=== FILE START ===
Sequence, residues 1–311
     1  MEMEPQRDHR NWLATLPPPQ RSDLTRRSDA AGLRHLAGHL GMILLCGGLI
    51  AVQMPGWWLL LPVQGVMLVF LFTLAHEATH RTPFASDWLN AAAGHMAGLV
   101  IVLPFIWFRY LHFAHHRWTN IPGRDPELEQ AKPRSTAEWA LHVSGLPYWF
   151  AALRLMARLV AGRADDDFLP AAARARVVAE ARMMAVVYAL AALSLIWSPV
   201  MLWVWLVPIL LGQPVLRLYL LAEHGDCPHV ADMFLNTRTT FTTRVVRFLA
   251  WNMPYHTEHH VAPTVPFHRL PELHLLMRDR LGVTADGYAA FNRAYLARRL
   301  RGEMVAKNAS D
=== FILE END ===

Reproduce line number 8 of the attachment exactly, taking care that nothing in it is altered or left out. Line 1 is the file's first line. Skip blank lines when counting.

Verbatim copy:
   301  RGEMVAKNAS D